Image courtesy of Leonard Bentley, based on a Creative Commons license.

Buckingham Palace’s Painting Gallery is one of the 19 staterooms. The exhibit is constantly changing as paintings are often lent out to other exhibitions around the world. Some of the paintings that can be seen in this room include works from Rembrandt, Van Dyck, Rubens, Claude, and Titian.

The rich décor and furnishings of Buckingham Palace offers guests an excellent cultural experience. Hundreds of thousands of tourists enter the palace every year. One of the sights that continues to be the most popular with guests is the Changing of the Guards.

The Tradition and Significance of the Changing of the Guards

The Changing of the Guards of Buckingham Palace dates back to 1837 when Buckingham House officially became Buckingham Palace and Queen Victoria took up residence there. The ceremony has remained the same throughout all the years, although visiting regimens from other branches of the armed forces are invited to join in, sharing with the Queen’s guards the pleasure and privilege of guarding the Queen.

The Changing of the Guards is the ceremony that takes place as one regiment ends their shift and another marches in to replace them. The ceremony takes about 45 minutes and is usually done every two days, weather permitting. This colourful, musical, and entertaining event continues to be the top attraction in London, attracting millions of more spectators annually than visitors to tour Buckingham Palace itself.

Image courtesy of Jimmy Harris, based on a Creative Commons license.

Important Lessons Learned from Buckingham Palace

A visit to Buckingham Palace isn’t just entertaining, but has proved to be a life-changing experience for many. At heart, The Royal Family is a family indeed, one that has stood strong throughout the ages. This in itself holds an important lesson for visiting families touring Buckingham Palace.

There are many inspiring stories told about struggles and triumph, as visitors come to develop a deeper appreciation for history, art, and culture. Also are the high morals and standards displayed and learned; such as respect, prosperity, honor, bravery, loyalty, and so on. The takeaway is different for each visitor to Buckingham Palace, but no one leaves being exactly same as when they came. The Buckingham Palace is high on our list to learn from.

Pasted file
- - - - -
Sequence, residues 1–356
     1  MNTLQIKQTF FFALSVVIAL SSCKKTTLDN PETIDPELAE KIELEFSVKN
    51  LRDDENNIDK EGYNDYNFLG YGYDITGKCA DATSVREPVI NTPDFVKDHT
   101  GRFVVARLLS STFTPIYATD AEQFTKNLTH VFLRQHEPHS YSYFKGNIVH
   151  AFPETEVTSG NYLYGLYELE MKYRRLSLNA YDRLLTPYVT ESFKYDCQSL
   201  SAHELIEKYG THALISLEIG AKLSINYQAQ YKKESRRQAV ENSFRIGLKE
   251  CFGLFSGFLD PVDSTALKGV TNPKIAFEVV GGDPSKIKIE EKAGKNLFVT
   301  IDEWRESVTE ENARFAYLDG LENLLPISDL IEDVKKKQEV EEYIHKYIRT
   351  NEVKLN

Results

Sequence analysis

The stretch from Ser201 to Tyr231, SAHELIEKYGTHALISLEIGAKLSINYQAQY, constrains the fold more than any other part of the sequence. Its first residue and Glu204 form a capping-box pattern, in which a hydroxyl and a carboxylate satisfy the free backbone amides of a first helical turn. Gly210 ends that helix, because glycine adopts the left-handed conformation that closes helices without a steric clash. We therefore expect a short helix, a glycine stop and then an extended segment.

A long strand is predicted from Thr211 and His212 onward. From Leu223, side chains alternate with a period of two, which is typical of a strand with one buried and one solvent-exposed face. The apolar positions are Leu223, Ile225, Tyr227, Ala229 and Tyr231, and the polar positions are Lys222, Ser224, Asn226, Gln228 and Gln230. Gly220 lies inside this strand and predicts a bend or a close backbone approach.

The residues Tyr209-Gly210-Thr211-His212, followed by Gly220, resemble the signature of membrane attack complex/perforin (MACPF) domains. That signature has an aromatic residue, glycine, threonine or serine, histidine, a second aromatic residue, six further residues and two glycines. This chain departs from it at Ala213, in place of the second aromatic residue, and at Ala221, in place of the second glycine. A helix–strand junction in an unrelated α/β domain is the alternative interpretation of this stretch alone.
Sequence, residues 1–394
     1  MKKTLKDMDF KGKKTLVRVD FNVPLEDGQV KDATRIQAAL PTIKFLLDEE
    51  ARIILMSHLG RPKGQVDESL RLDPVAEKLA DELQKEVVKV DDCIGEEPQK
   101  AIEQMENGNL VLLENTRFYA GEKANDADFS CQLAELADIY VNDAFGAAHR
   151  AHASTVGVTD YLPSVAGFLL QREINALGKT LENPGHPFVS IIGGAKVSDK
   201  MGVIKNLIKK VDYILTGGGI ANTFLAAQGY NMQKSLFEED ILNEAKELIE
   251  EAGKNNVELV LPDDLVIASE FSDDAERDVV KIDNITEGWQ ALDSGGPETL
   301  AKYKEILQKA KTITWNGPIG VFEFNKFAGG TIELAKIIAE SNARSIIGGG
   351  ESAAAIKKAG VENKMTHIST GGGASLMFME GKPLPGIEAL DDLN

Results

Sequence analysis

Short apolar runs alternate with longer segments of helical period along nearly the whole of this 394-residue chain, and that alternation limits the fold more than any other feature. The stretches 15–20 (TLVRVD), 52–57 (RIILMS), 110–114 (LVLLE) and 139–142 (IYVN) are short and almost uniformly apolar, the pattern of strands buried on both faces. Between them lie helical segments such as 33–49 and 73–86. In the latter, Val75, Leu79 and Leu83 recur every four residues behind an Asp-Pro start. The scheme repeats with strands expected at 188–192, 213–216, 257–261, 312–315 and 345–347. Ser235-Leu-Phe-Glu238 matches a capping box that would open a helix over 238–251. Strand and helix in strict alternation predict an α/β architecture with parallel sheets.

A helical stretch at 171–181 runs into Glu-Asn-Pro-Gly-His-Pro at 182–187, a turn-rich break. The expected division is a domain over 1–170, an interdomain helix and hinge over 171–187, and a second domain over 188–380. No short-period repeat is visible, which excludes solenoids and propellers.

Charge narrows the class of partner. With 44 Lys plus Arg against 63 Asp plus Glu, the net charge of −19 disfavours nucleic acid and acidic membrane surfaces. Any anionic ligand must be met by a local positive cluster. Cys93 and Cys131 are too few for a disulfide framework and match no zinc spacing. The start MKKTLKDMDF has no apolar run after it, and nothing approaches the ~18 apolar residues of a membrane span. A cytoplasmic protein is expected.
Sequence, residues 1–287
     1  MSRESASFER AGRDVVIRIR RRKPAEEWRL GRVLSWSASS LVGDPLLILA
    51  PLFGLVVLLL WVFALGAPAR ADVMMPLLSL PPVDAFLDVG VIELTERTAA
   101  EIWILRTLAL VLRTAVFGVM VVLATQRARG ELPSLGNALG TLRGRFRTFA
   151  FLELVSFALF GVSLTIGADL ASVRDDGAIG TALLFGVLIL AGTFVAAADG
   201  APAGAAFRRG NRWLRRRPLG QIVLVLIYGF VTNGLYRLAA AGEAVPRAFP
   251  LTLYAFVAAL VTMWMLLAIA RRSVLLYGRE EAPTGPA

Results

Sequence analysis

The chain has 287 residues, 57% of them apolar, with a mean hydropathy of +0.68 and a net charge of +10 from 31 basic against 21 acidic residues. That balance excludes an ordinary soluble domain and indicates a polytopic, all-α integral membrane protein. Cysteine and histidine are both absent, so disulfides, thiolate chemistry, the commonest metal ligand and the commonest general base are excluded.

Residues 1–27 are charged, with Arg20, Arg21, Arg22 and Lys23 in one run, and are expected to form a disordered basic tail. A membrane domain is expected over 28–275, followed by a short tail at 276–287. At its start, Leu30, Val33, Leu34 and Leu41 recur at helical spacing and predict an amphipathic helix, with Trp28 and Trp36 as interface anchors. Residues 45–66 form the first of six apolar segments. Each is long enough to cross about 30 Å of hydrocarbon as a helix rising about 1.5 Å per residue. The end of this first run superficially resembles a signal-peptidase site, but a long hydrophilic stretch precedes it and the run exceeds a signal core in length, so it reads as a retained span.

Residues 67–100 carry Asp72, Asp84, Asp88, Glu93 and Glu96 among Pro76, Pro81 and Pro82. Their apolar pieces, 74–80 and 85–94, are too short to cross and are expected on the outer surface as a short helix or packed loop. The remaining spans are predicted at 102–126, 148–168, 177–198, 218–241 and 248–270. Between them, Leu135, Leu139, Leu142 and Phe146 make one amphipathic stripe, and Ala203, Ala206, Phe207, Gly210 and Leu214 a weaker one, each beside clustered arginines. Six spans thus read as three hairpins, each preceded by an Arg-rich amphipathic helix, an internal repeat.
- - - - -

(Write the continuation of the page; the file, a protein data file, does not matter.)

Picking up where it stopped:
Photo courtesy of Jimmy Harris, based on a Creative Commons license.

Gabriela Beese contributed to this article. She is versed in a wide variety of topics and has been particularly interested in travel journalism for the last 10 years.

Lainie Liberti
Lainie Liberti is a recovering branding expert, who’s career once focused on creating campaigns for green - eco business, non-profits and conscious business. Dazzling clients with her high-energy designs for over 18 years, Lainie lent her artistic talents to businesses that matter.  But that was then.

In 2008, after the economy took a turn, Lainie decided to be the change (instead of a victim) and began the process of “lifestyle redesign,” a joint decision between both her and her 11-year-old son, Miro. They sold or gave away all of of their possessions in 2009 and began a life of travel, service, and exploration. Lainie and her son Miro began their open-ended adventure backpacking through Central and South America. They are slow traveling around the globe allowing inspiration to be their compass. The pair is most interested in exploring different cultures, contributing by serving, and connecting with humanity as ‘global citizens.’

Today Lainie considers herself a digital nomad who is living a location independent life. She and her son write and podcast their experiences from the road at Raising Miro on the Road of Life.
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One Response to Life Lessons From London's Buckingham Palace

  1. Rose February 10, 2014 at 6:17 am #

    I think you’ll find that Queen Elizabeh i was not the current Queen’s mother. ;)